Millennials Dreaming of Retiring at 30 Have a Math Problem
(Bloomberg Opinion) -- At a time of stagnant wages, high student debt and dead-end jobs, it’s no surprise that millennials in their 30s are now dreaming of dropping out of the rat race and retiring early. But presenting this as a goal achievable to anyone prepared to live frugally and invest carefully looks like a sham. We do not quit our jobs as equals.
Last week’s New York Times story, “How to Retire in Your 30s With $1 Million in the Bank,” was the latest in a line of profiles touting financial freedom in the name of FIRE — “Financial Independence, Retire Early.” Parsimony, or cost minimization, is prioritized over greed, or revenue maximization.
The principles of nickel-counting and index investing are laudable, but the case studies look extreme. One 43-year-old retiree and his wife attained a $1.2 million fortune after five years of “drastically” cutting costs. One small detail: He earned a six-figure salary and owned a four-bedroom house. If you’re going to down-size, it helps to have size to begin with.
Those without a head-start will find such goals a stretch. In the U.K., the median salary is around 20,800 pounds ($27,000) after tax, according to data from the tax authorities. Assume half of that goes on needs and 30 percent on wants. That leaves 4,160 pounds for savings per year. All things being equal, on this wage alone it would take 55 years to save 230,000 pounds, assuming zero interest, or 430,000 pounds, assuming 2 percent compound interest. Even a life of monastic discipline, spending only on housing and necessities, would require 25 to 30 years of work to get to the above, admittedly broad-brush, numbers that still fall short of the minimum pension pot experts say non-homeowners require.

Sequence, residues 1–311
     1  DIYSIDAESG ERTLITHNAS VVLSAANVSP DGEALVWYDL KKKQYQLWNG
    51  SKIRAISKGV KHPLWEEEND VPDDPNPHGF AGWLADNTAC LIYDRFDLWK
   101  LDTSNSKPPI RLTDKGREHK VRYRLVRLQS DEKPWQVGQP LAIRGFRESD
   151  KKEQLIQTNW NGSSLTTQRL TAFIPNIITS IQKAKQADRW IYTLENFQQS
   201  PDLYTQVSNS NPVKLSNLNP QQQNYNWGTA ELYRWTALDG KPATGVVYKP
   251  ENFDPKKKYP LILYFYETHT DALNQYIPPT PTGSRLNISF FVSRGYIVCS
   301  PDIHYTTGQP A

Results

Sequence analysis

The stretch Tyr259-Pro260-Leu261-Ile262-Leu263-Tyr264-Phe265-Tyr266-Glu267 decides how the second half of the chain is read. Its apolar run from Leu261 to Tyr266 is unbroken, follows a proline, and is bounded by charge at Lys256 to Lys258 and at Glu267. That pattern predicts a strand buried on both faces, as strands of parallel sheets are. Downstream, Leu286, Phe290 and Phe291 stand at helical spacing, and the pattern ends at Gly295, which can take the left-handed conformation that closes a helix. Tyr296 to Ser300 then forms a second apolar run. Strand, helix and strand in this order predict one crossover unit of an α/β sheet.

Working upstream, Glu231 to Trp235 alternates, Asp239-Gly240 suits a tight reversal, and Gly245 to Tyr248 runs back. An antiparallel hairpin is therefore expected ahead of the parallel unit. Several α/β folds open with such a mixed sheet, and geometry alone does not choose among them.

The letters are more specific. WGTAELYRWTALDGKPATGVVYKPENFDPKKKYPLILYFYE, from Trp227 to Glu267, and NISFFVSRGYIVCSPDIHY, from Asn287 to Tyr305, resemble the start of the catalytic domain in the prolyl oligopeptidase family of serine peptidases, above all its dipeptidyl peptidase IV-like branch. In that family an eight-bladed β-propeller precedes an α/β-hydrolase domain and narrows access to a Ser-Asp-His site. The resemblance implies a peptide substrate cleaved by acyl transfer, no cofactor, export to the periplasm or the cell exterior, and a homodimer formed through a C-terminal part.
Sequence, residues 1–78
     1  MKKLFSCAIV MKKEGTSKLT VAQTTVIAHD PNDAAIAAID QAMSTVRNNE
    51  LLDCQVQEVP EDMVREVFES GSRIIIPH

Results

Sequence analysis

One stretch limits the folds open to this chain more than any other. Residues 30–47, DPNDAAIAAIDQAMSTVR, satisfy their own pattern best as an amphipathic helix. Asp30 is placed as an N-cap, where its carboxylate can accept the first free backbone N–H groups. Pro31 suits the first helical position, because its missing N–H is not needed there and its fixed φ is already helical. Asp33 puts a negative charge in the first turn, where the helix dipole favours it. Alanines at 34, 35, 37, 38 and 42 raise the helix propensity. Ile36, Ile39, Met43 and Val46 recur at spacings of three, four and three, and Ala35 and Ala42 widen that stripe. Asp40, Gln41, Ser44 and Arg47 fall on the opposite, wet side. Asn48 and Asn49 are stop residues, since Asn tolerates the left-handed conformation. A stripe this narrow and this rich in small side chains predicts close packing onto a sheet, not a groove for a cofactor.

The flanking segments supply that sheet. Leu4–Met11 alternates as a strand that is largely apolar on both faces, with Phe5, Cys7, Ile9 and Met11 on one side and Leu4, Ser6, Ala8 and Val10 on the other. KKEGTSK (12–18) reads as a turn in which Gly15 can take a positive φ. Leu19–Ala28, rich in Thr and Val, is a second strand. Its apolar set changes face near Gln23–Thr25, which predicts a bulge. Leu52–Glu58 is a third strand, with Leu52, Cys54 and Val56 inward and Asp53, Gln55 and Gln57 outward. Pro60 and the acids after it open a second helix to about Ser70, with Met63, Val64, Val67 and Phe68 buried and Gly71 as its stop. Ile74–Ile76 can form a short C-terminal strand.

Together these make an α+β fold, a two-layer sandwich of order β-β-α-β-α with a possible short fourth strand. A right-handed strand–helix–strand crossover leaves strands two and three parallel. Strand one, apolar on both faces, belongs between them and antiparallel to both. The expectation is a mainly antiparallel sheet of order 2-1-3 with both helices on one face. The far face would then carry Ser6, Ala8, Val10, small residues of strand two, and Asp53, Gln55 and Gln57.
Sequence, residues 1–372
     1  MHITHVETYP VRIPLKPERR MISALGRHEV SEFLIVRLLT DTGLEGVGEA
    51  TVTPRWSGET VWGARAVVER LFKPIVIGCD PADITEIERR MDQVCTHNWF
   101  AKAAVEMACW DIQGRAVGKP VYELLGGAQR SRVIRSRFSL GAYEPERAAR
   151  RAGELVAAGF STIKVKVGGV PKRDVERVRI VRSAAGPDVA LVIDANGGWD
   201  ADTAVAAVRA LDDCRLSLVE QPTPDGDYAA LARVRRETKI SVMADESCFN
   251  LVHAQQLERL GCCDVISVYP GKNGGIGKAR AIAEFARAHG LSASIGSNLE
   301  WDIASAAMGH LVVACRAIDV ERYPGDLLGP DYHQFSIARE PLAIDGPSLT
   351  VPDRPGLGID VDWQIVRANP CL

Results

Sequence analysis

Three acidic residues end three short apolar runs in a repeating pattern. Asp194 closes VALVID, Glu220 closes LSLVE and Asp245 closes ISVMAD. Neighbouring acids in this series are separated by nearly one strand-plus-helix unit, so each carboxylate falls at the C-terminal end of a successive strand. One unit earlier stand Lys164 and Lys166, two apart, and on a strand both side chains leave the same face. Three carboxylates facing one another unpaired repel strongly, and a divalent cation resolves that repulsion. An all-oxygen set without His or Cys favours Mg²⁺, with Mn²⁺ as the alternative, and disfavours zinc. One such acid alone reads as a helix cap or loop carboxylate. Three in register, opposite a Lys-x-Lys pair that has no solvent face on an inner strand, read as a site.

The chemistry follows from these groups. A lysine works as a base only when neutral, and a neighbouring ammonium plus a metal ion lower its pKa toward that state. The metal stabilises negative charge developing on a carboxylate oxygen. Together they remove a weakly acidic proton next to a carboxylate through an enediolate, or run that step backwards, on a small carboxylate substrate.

Turbo-charging returns without a gift from the Bank of Mom and Dad means taking risks. Here again, the gospel of FIRE seems to preach sensible, low-cost, passive investing in index funds, rather than extremes like trading cryptocurrencies. But even the S&P 500’s annualized total return of 14 percent over the past five years would only turn into a million dollars if there was $600,000 there in the first place. And those budgeting for their retirement future based on recent returns may end up as disappointed as savers who found themselves able to retire early at the peak of the dot-com bubble — until it burst.
Moreover, feel-good frugality like home-brewed iced coffee or cheap online entertainment at home doesn’t offer immunity to financial risks after retirement. A 2016 Schroders study of retirement in Australia, where pension contributions are mandatory, found that retirees spent less, but became more sensitive to price increases in necessities like utilities and food. The net impact between 2005 and 2015 was a rise in overall income requirement, putting greater pressure on funding. Not all costs can be predicted.
There’s still a lot to like about FIRE, which is as much cultural as it is financial. People are reassessing their relationship to work after the financial crisis, which exposed glaring injustices in the way capitalism functions. Freedom from debt and a scale-back from full employment to partial retirement — whether through freelance work, barista shifts at Starbucks or bagging groceries — is being re-evaluated as worth the cost. That’s fair.
But there’s still something of the rat race about this race to retirement. Not everyone has access to a Volkswagen camper van, or income from a rented apartment. Dropping out of work early in the belief that easy, non-demeaning freelance work will always be available seems very optimistic. Fingers will still get burned.
This column does not necessarily reflect the opinion of the editorial board or Bloomberg LP and its owners.
Lionel Laurent is a Bloomberg Opinion columnist covering finance and markets. He previously worked at Reuters and Forbes.
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